Famed for its industrial output, pioneering political movements and musical exports, Manchester’s rich heritage is of national importance, recognised worldwide.
Here we celebrate 8 places that tell the story of Manchester’s history.
1. Manchester was commended by a US President
You may wonder how a 4 metre high statue of ‘Honest Abe’ Lincoln found its way to Brazennoze Street in central Manchester. The origins of the statue go back to the 19th century, when Manchester was one of the biggest cotton producers in the world. During the 1860s, the city elected to boycott cotton that was coming in from the Southern States, in protest of slave labour. The decision was made despite the effect that would clearly have on the local economy. President Abraham Lincoln wrote to the people of Manchester, commending their stance, he wrote ‘It is indeed an energetic and re-inspiring assurance of the inherent truth and of the ultimate and universal triumph of justice, humanity and freedom’.
2. The oldest surviving passenger railway station in the world
Opening in 1830, the Liverpool Manchester line was one of the world’s first intercity railways. The line was built by George Stephenson with passenger rail by steam locomotives as its priority. The opening ceremony was attended by the Prime Minister, the Duke of Wellington. Unfortunately, this was also the site of what is considered to be the first widely reported railway fatality – William Huskisson, MP for Liverpool was struck on the inaugural trip and later died from his injuries.
The former Liverpool Road Station is now part of the Museum of Science and Industry and is Grade I listed.
3. The Medieval Quarter
The earliest known incarnation of Manchester was built by the Romans in the first century AD, then called Mamucium. However, it was William the Conqueror’s gift of the land to a favoured knight in the 11th century that triggered the growth of a more significant settlement. Few remaining buildings, including Manchester Cathedral (Grade 1 listed) and Chetham’s Library, evidence medieval beginnings. On 8th October 1787, the collegiate church (now Manchester Cathedral) played host to the first public speech by the Committee for the Abolition of Slave Trade.
4. The first free public library in the world
Founded in 1653, Chetham’s Library has been in continuous use as a free public library for over 350 years. It houses over 100,000 books, many of them rare and printed before 1850, in a medieval building first built to accommodate a college of priests. The Grade I listed building is one of many places in Manchester associated with political movements. Karl Marx & Friedrich Engels researched at the library in the Summer of 1845, influencing their later work on The Communist Manifesto.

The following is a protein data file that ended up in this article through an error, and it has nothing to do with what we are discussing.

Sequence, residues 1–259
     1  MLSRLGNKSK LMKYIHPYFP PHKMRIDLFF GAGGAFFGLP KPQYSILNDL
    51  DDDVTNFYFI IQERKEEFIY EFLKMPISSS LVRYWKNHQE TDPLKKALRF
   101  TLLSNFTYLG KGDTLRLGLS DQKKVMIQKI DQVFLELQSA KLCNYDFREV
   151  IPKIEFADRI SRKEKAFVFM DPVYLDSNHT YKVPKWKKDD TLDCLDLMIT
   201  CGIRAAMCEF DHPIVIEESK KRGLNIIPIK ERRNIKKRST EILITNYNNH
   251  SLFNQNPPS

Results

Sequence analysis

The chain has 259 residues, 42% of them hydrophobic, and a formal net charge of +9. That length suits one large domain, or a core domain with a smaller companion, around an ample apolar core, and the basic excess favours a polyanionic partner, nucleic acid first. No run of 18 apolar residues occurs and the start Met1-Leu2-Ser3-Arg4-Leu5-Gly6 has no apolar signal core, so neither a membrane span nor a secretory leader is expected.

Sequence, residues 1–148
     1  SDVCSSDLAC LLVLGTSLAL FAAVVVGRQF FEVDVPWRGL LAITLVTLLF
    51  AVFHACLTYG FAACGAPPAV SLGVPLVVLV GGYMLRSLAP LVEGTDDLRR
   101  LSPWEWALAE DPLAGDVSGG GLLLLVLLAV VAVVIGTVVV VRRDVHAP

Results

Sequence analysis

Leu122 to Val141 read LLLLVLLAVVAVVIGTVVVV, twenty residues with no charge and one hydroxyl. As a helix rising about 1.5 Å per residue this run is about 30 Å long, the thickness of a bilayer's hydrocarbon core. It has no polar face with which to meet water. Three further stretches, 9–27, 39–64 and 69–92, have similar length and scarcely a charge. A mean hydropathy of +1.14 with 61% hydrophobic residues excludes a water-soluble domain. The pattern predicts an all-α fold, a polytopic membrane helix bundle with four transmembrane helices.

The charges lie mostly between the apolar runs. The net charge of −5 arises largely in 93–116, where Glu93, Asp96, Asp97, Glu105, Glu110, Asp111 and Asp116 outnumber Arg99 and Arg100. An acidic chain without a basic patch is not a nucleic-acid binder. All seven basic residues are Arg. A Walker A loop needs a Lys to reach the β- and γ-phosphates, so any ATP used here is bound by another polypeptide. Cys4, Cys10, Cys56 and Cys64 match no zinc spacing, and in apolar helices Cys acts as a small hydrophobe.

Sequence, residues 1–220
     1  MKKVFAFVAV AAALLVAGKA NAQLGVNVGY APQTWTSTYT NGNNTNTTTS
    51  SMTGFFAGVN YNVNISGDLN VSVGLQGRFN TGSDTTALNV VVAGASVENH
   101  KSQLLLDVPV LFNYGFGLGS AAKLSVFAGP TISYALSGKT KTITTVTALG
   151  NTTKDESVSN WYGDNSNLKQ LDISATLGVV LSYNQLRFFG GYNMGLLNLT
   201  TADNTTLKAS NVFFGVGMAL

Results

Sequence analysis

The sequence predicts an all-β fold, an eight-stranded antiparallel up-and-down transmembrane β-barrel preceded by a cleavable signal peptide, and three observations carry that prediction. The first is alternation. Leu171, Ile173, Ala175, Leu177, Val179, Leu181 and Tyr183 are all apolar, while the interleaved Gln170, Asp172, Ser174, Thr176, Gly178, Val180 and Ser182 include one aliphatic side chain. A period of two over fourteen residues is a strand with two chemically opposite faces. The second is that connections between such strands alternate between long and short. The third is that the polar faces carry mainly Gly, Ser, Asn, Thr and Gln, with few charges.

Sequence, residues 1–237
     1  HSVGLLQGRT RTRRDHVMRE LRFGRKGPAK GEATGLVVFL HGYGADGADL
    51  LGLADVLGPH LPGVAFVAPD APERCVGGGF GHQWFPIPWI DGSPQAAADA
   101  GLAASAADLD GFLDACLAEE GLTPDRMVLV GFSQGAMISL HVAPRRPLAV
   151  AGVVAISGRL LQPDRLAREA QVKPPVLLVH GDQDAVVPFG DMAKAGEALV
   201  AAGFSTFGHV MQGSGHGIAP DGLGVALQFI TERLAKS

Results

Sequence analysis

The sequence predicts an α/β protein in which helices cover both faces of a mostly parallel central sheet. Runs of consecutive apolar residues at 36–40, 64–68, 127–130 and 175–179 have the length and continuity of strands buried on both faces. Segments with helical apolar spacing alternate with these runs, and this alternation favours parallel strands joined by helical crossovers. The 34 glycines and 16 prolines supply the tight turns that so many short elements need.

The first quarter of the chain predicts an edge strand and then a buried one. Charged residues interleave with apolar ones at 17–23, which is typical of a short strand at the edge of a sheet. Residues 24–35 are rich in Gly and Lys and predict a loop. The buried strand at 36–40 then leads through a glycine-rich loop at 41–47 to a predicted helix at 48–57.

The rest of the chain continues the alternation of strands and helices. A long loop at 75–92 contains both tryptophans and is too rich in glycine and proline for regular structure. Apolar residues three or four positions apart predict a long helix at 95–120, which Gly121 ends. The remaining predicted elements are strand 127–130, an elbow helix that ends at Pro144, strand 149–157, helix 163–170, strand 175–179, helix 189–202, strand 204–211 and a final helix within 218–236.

5. The home of the Suffragettes
In 1903, Emmeline Pankhurst founded the Women’s Social and Political Union. The Pankhurst family on Nelson street hosted the first meeting of the group, with the aim to recruit working class women into the struggle for the vote. It is now listed Grade II* and is used as a museum and women’s centre.
6. A major scientific breakthrough
In 1907, Ernest Rutherford, a New Zealand Physicist took over as chair of physics at the University of Manchester. In 1911, Rutherford and his team of world class scientists discovered the nuclear atom, and in 1917 they split the atom. This scientific breakthrough eventually led to the advent of atomic energy and nuclear power. The Grade II listed building that Rutherford worked in was renamed “The Rutherford Building” in 2006.
7. Pubs, glorious pubs
An important part of social and music history, many of Manchester’s historic pubs are also listed. The Grade II Listed Circus Tavern on Portland Street dates back to the early 18th century and is reputed to be the smallest pub in Manchester. The strikingly tile clad façade of C19 Peveril on the Peak (also Grade II listed) stands out on the corner of Chepstow and Bridgewater Street.
Check out our free Manchester pub walk for more architectural gems.
8. Democracy and Peterloo
On the 16th August 1819, a great tragedy led to an important step along the road to Democracy in Britain. In what is now St Peter’s Square, a crowd of 60,000 peaceful pro-democracy and anti-poverty protestors gathered. Local magistrates called on the dispersal of the crowd, and cavalry charged in on horseback, armed with cutlasses and clubs, killing 15 and injuring 700 men, women and children. The Peterloo massacre is acknowledged to have influenced ordinary people winning the right to vote. It also resulted in the establishment of the Manchester Guardian (now just the Guardian).
The People’s History Museum (Grade II listed) tells the story of democracy in Britain and the fight for the rights of women, workers and other groups.
Header image: The Wellington Inn, Old Shambles, shown during extensive surrounded building works (1971). You can read some more information about the history and relocation of the Grade II* listed building here.
We found it tough to pick just 8 things, let us know your favourite historic parts of Manchester in the comments.
- Historic England Objects to Manchester Towers – read our news piece about the proposed development on Jackson’s Row and have your say on the proposals.
- Manchester’s Northern Quarter – Historic England publication, available to view online
- Workshops of the World – 5 Great New Uses for England’s Industrial Heritage